Online seminar (via Zoom) followed by Q&A – all welcome. NB – all times given in UK time.
Tropical dry forests are characterized by lower rainfall compared to tropical rain forests and a dry season that can last for many months. In this talk, Jennifer will explore how rainfall regimes have shaped the diversity and function of plants in these forests, using plants from the liana lifeform and legume family as examples. She will then discuss how tropical dry forests are responding to climate change by focusing on drought, and the functional traits that underlie these responses.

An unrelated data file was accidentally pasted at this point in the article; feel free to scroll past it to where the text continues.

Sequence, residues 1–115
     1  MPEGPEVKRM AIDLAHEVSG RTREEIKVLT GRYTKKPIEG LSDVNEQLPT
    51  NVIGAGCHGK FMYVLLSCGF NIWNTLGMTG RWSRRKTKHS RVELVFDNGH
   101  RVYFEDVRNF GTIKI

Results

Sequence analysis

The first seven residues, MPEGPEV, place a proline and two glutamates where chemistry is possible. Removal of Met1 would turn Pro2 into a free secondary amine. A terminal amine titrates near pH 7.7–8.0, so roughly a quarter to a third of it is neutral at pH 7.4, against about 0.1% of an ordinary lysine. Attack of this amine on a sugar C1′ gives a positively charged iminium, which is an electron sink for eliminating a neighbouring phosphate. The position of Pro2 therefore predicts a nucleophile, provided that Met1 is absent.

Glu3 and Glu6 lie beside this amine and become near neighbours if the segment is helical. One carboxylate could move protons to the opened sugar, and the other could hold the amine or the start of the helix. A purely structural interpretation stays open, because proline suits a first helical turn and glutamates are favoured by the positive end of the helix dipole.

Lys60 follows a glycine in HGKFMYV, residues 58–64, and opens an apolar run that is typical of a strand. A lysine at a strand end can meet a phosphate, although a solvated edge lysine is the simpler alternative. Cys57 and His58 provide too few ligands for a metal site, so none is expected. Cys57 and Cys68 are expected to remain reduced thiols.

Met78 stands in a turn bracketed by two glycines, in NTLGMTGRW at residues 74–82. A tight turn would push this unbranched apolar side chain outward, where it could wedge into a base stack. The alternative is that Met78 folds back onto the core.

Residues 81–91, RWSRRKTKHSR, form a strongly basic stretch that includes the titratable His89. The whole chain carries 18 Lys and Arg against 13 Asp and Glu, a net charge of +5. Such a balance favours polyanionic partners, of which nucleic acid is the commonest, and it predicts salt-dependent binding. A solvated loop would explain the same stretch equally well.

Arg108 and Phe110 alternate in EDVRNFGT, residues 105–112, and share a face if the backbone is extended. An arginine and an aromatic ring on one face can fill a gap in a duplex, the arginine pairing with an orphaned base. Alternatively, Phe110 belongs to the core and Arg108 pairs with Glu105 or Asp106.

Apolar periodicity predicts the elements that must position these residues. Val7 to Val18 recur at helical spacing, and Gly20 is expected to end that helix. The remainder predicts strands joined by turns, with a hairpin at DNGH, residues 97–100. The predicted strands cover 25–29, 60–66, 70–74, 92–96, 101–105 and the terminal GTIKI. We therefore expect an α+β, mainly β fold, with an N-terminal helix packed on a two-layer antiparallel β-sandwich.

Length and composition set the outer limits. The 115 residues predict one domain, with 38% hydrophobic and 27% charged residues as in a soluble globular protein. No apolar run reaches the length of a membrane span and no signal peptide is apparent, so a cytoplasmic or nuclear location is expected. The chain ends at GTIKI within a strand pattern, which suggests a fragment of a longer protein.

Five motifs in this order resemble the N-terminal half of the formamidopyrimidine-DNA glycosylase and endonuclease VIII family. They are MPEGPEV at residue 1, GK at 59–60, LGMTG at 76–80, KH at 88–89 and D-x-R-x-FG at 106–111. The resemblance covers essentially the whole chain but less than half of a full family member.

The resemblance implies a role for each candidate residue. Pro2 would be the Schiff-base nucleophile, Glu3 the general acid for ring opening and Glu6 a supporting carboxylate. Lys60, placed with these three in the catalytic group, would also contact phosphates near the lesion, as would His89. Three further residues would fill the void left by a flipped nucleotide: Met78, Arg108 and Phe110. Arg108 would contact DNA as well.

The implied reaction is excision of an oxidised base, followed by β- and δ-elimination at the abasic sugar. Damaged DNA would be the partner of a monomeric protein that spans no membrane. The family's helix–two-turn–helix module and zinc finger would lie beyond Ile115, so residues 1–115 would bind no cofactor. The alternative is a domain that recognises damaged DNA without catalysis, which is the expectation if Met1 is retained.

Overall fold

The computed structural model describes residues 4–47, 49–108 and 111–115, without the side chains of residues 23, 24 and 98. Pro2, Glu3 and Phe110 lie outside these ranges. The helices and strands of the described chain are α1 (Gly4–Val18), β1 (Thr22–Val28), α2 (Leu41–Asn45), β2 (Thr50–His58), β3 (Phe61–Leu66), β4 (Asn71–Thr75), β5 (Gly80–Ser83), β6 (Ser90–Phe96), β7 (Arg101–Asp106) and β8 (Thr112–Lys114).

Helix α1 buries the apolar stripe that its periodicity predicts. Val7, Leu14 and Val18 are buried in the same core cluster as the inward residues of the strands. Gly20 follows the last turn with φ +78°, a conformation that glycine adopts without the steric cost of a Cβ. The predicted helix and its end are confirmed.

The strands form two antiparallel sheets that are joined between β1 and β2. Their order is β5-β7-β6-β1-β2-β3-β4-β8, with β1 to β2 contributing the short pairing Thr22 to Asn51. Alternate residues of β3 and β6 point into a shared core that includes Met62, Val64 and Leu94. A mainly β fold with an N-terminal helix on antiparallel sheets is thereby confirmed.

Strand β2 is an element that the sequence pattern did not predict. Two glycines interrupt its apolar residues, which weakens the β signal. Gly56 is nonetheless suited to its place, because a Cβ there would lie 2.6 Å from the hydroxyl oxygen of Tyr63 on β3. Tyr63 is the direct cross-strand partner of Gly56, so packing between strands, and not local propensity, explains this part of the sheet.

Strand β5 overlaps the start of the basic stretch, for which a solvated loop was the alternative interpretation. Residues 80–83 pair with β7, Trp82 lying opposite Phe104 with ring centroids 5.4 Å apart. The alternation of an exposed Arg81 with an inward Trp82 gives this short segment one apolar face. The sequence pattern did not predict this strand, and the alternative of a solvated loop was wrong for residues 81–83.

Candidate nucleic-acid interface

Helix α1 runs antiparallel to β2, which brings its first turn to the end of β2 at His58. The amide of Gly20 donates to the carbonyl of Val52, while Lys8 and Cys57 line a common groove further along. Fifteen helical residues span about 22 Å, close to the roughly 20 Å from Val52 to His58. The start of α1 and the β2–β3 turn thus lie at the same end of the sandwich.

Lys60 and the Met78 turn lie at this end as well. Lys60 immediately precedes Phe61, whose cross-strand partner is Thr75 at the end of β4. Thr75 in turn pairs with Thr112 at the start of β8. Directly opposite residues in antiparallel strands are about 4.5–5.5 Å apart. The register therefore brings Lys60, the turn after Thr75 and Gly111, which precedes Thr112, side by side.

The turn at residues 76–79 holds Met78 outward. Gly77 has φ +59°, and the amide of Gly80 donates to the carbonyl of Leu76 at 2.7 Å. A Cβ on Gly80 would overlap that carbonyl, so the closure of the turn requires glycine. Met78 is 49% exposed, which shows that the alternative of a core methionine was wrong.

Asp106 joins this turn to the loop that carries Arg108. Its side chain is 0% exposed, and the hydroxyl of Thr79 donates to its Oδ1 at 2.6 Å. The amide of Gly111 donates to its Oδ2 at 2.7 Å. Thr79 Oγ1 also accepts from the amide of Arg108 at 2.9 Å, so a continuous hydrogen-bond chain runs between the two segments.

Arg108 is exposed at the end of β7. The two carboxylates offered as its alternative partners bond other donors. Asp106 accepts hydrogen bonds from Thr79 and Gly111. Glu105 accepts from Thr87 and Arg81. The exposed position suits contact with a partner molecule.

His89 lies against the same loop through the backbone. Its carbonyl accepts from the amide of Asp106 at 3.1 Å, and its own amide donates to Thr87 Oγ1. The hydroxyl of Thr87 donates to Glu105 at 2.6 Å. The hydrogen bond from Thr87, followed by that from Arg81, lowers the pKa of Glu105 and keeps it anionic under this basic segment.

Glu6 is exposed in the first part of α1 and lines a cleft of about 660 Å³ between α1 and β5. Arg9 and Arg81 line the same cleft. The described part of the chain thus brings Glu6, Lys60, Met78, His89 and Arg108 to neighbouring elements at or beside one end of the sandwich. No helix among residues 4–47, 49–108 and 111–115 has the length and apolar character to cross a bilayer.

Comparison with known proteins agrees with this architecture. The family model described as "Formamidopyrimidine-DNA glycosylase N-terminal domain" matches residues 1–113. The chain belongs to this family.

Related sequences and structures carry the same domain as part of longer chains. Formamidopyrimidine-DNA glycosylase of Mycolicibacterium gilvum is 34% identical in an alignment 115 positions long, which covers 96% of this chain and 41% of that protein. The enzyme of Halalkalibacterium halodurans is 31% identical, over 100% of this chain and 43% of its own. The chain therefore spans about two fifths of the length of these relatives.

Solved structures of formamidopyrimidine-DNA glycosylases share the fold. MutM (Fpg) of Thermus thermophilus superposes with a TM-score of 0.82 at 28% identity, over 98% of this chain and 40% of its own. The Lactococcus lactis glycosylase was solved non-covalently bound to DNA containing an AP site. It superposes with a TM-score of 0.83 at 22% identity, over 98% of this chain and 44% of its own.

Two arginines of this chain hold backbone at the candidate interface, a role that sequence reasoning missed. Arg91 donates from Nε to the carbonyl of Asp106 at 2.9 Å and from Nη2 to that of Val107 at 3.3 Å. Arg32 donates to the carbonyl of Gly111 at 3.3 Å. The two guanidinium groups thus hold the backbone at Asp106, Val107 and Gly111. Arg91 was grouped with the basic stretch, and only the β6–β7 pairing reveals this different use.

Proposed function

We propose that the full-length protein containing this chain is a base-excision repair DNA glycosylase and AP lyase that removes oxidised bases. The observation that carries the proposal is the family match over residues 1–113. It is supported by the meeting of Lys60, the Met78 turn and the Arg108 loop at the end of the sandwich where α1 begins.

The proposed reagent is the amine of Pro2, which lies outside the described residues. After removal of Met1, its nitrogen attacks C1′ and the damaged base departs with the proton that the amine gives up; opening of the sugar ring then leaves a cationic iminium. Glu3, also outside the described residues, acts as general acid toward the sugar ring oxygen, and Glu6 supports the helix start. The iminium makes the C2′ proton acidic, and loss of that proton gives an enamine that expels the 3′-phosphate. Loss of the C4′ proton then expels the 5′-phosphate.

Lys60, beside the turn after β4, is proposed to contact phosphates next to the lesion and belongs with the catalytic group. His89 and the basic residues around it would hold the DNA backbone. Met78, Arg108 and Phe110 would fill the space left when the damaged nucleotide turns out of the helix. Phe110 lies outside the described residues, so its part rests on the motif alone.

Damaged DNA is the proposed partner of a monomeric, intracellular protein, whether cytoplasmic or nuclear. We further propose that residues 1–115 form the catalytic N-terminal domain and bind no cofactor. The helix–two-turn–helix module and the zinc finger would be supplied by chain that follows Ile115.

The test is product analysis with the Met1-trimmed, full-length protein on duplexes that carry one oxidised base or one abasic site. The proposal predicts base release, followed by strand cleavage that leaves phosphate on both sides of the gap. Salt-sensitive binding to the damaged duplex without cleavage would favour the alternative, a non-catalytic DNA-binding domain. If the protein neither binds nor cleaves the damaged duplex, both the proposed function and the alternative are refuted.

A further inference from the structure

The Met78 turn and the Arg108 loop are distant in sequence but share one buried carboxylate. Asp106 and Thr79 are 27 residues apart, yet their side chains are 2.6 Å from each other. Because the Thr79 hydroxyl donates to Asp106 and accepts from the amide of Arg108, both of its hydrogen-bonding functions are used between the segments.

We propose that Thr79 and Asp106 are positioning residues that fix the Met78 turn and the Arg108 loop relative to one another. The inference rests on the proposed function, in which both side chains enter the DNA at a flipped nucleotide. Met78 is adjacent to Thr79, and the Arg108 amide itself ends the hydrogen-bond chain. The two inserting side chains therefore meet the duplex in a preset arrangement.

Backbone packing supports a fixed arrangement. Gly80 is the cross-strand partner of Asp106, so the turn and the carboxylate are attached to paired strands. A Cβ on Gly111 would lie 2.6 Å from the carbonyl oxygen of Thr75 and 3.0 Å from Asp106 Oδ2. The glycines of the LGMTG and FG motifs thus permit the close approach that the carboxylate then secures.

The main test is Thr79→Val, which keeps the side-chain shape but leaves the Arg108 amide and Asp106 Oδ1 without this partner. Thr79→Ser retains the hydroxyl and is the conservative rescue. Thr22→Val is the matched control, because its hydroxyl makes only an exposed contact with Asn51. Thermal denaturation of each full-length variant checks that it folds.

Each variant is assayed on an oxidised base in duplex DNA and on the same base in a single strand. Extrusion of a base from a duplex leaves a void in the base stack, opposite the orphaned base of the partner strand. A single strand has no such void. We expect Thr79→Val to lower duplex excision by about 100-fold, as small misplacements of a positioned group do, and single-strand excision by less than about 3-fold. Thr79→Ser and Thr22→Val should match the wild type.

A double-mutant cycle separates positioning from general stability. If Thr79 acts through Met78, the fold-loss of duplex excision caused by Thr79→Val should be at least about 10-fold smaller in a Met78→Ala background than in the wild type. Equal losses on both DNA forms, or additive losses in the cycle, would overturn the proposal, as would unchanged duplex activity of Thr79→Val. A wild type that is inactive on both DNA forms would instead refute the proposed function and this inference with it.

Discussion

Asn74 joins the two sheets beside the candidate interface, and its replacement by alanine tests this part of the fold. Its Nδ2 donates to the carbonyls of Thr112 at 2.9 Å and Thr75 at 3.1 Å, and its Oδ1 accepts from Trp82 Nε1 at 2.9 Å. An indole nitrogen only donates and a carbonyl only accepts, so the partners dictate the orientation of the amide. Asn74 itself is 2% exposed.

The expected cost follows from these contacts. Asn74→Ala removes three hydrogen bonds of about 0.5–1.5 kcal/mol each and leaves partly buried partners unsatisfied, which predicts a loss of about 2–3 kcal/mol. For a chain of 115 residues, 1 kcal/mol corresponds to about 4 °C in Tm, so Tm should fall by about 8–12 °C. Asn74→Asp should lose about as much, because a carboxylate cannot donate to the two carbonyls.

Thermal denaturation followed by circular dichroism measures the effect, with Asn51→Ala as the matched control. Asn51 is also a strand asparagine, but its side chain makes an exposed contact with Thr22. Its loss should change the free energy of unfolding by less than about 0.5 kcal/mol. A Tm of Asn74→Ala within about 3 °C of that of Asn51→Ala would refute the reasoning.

Jennifer Powers is a Professor in the Departments of Ecology, Evolution & Behavior and Plant Biology & Microbial Biology at the University of Minnesota. She received her PhD in Biology from Duke University in 2001 and then completed postdoctoral studies at the State University of New York- Stony Brook and the University of Minnesota. Her research program focuses on understanding how land-use and climate change affect biogeochemical cycles, ecosystem processes and forest dynamics in tropical landscapes. Much of her work over the past twenty years has centered on seasonally dry tropical forests, which have received less attention but are more threatened than tropical rain forests. Together with her students and network of collaborators, they have investigated these questions from hierarchical scales—from the microbe to the biome, using a diverse toolkit that includes long-term observations, large-scale manipulative field experiments and simulation modeling.